Barack Obama. Photo: Steve Jurvetson/flickr.
In international relations, there exists diplomatic theater and diplomatic facts. A recent example of theater is the agreement between China and the United States to expand their military exchanges and bilateral scientific contacts. The reality, however, is something quite different. The US Department of Defense, for example, continues to comply with the National Defense Authorization Act of 2000, which forbids any contact with People’s Liberation Army (PLA) staff members that might result in the “inappropriate exposure” of key US operational plans, dispositions or activities. China’s astronauts, in turn, remain banned from the International Space Station and, more recently, its scientists were prohibited from attending an academic conference at NASA’s Ames Research Center.
At the heart of these prohibitions is the US Congress. Over the past few years it has thwarted the funding for joint Sino-American projects; it has voiced concerns about the potential theft of US space technology; and it played a key role in terminating an exchange program that helped facilitate Sino-America dialogue on the Comprehensive Test Ban Treaty (CTBT). Unsurprisingly, leading American scientists are upset about the missed opportunities that these restrictions represent. Yes, they include missed chances for collaborative research, but they also represent a lost opportunity for each country to gain deeper insights into the long-term strategic interests of each other. » More
Chinese Type 99 Battle Tank on Display at the Beijing Military Museum, August 2007, courtesy of Max Smith/Wikimedia Commons
An article in the New York Times on 20 October 2013 highlighted China’s emergence as a major exporter of advanced weapons systems. The global arms market has traditionally been dominated by a handful of mostly Western suppliers: the United States, Britain, France, Russia, and, increasingly, Israel.
Now, however, China appears to be mounting some serious competition to this cabal, with its ability to offer increasingly sophisticated weaponry at rock-bottom prices. According to the NYT, this catalogue includes Predator-like armed drones, air-defence systems similar in capabilities to the Patriot missile, and perhaps even stealth fighter jets. » More
Dried Poppies. Image: Wikipedia.
The notorious illicit opium-producing area—the Golden Triangle—between Myanmar, Laos and Thailand in the heart of the Greater Mekong Subregion (GMS) has become the focal point for China’s external antidrug policy. Connected by the Mekong River—which flows from the Chinese province of Yunnan through Laos, Myanmar, Thailand, Cambodia and Vietnam into the South China Sea—this subregion is now the new frontline in China’s war on drugs, especially along the borders of northern Laos and northern Myanmar. The area is endowed with an ideal climate for opium poppy cultivation, the prime ingredient for heroin. Drug trafficking from the Golden Triangle into mainland China through Yunnan is currently perceived by the Chinese government as a serious nontraditional security challenge as it is estimated that between 60-70 percent of the drugs consumed in China come from this region. » More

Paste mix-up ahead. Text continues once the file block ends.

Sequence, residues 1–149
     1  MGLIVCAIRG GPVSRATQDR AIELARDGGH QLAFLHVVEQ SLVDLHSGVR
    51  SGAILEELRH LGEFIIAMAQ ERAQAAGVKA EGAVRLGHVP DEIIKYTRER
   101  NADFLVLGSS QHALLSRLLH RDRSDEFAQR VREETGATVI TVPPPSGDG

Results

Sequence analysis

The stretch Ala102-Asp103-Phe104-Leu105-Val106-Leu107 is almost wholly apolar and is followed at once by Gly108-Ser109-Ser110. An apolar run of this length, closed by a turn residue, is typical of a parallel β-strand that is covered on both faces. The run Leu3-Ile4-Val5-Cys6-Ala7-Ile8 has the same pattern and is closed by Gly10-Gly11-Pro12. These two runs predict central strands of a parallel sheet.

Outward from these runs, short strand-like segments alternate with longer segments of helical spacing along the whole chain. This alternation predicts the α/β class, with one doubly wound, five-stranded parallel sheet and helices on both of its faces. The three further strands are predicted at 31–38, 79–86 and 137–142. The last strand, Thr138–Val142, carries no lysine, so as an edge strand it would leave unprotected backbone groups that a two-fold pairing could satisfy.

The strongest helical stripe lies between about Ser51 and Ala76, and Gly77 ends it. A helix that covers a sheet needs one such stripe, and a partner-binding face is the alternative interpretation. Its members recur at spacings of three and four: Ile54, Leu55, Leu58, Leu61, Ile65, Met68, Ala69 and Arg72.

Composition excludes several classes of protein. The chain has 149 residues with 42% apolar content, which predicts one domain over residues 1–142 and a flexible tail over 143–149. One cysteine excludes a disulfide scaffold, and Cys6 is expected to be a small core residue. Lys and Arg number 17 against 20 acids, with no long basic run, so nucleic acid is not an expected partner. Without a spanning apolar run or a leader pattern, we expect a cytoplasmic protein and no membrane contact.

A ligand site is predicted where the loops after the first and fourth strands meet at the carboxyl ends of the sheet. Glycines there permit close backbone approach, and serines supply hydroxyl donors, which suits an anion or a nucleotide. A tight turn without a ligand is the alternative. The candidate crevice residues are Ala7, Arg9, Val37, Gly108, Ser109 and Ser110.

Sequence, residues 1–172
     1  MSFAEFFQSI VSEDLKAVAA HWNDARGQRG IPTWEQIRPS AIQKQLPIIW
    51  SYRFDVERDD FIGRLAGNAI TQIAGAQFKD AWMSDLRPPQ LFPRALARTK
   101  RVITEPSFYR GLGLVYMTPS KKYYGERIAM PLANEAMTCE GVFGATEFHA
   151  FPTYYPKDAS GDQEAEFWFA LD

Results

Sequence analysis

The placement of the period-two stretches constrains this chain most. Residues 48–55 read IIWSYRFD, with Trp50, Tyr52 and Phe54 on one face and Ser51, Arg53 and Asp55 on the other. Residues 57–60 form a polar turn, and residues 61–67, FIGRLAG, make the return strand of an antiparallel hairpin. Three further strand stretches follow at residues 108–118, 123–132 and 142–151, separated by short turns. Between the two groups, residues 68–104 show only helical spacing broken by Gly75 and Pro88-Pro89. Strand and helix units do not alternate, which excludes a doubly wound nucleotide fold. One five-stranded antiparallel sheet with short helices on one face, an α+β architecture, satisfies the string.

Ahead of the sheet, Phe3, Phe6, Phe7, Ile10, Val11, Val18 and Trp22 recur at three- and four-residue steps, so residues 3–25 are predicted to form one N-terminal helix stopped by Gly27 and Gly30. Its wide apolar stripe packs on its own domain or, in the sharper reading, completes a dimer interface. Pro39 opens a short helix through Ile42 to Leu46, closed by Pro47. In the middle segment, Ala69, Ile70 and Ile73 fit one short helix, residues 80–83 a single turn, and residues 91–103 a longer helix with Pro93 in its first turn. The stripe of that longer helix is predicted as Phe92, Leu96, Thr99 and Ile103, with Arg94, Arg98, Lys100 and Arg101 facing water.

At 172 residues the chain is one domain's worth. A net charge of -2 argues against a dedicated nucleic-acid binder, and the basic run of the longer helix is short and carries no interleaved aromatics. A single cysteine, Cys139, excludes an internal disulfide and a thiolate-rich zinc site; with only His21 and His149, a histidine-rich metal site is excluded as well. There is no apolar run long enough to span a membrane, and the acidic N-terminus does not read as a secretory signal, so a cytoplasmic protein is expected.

Political Bureau member of the Standing Committee of the Communist Party of China (CPC) Mr. Liu Yunshan with President Mahinda Rajapaksa at the President’s House. Source: Flickr, Sudath Silva
Since the defeat of the Tamil Tigers in 2009, China has not only emerged as the main strategic actor in Sri Lanka, it has also replicated a familiar set of development and partnership strategies in the process. For instance, in 2012 Chinese companies completed the construction of a deep water port at Hambantola at an estimated cost of $450 million. More recently, the Sri Lankan Port authority announced a Chinese-backed $1.4 billion deal for the reclamation of 568 acres of land and construction of a new port near Colombo. Accordingly, China’s growing involvement in the Sri Lankan maritime sector is starting to bear all the hallmarks of its development of the Pakistani port of Qwadar. Currently managed by China Overseas Port Holdings, the port stands at the east entrance of the Straits of Hormuz and is set to be linked by road, rail and pipeline infrastructure to the resource-rich Chinese province of Xinjiang.
Like the Qwadar-Xinjiang Development Corridor project, China also views its growing interests in Sri Lanka as a geopolitical game changer. Chinese strategists have long feared that adversaries could close the Straits of Malacca in the event of conflict, thereby starving China of energy supplies and other strategic imports. In this respect, maritime facilities located on the island potentially allow Beijing to exert greater influence over the Straits. Yet, this has not gone unnoticed by South Asia’s traditional maritime and regional power India, which is also worried about the growing military partnership between China and Sri Lanka. » More
Vice President Joseph Biden delivers remarks at the US-China Strategic and Economic Dialogue Joint Opening Session in the Dean Acheson Auditorium at the US Departement of State in Washingon, D.C.
As the latest issue of the Pacific Forum’s Comparative Connections journal suggests, the success of the US’s realignment to Asia will certainly depend on its rapport with China. And yet, a lot has changed since Hillary Clinton’s article first popularized the ‘pivot to Asia’ idea. (See America’s Pacific Century.) That’s why Richard Weitz’s recent visit to the Center for Security Studies (CSS) was a fortuitous one. It provided us with the opportunity to ask him three questions about this major shift in US foreign policy.